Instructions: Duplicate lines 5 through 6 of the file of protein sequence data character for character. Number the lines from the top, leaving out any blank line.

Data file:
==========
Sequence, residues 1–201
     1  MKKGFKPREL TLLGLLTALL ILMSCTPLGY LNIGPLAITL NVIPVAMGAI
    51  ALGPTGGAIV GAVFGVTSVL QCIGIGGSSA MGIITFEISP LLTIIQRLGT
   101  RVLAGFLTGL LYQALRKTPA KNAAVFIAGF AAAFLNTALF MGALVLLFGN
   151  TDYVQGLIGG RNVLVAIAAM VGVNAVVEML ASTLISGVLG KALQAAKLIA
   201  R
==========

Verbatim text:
   151  TDYVQGLIGG RNVLVAIAAM VGVNAVVEML ASTLISGVLG KALQAAKLIA
   201  R